Britain’s National Institute for Health and Care Excellence (with the wonderful initials of NICE) have drafted guidelines for planners and British municipalities to prioritize pedestrians, cyclists and transit over cars. In Metro Vancouver there is no pedestrian plan for the City of Vancouver, and for the City of Delta pedestrians are barely mentioned in the Transportation plan. A clear set of national guidelines in Canada would be helpful to create “safe, attractive and designed” roads that give people other options besides driving. Happily Britain’s Department of Transport supports the policies and understands that increasing walking and cycling prevents chronic diseases including diabetes and depression.
NICE has made the connection that well designed transportation systems coupled with walkable accessible built environments can keep people fit and active, which benefits the individual and the universal health care system. Designing for safety and security when walking or cycling is key, as well as for the most vulnerable users who may have limited mobility.
The design guidelines include:
“Pavements should feature bumps, grooves and anti-glare surfaces to help those with visual impairments,Ensuring new and refurbished footways, footpaths and cycle routes link to existing routes
Widening footways and introducing cycle lanes
Introducing traffic-calming schemes to restrict vehicle speeds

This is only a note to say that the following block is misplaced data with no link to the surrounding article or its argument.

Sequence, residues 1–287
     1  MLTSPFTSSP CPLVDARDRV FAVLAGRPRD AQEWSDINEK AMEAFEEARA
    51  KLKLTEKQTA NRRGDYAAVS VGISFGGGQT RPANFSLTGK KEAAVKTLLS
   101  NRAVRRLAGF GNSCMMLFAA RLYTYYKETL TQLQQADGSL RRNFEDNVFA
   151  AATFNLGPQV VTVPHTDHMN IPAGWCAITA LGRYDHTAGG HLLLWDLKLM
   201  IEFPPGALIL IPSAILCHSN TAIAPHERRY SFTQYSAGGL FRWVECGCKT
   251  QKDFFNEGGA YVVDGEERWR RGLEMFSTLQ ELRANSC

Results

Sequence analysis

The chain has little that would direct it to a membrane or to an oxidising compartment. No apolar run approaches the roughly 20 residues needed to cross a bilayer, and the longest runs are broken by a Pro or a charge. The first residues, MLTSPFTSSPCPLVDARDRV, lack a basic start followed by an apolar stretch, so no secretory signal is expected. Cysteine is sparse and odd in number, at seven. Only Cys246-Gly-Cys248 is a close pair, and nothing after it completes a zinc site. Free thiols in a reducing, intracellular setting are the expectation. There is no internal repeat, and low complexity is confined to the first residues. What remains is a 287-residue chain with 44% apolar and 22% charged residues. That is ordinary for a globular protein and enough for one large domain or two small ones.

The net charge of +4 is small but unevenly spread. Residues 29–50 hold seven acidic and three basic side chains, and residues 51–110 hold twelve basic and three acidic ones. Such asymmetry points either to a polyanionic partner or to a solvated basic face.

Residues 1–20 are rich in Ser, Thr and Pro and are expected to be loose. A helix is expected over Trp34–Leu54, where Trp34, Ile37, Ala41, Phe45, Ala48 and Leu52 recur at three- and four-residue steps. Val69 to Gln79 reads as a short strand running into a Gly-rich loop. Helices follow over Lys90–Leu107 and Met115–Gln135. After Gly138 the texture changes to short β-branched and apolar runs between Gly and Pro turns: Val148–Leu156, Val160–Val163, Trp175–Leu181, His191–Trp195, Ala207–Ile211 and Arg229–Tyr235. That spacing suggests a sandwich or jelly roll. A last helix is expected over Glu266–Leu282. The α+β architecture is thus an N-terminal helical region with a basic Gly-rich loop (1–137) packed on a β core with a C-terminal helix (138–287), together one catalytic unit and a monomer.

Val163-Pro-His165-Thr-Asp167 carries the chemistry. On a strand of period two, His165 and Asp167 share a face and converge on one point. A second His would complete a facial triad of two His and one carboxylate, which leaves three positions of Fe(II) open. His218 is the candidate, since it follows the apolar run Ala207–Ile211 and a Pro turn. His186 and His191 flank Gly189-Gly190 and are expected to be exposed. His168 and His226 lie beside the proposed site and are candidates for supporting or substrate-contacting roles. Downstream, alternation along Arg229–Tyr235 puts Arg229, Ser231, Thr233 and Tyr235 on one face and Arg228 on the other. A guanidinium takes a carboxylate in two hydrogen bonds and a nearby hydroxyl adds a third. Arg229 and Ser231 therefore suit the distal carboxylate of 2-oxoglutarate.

Paying more attention to public transport in rural areas where services may be limited
Improving public transport to parks and other green spaces.”
In response to how to encourage accessible movement in existing cities, the BBC has included a video of the “Bella Mossa” program in Bologna Italy. Translating as “Good Job”, this program runs for six months of the year and partners with one hundred local businesses to provide active transportation users with vouchers for items earned through a point system. GPS trackers are used to ensure that there is no cheating for the program and it has been extremely popular, as shown in the YouTube video below.
Connecting walking and cycling with local businesses and commercial areas promotes sociability, health and placemaking. Funded by European Horizon 2020 Program, Bella Mossa reduces vehicle use and auto emissions. In its first six months the program recorded over one million activities with 22,000 people taking part in the program.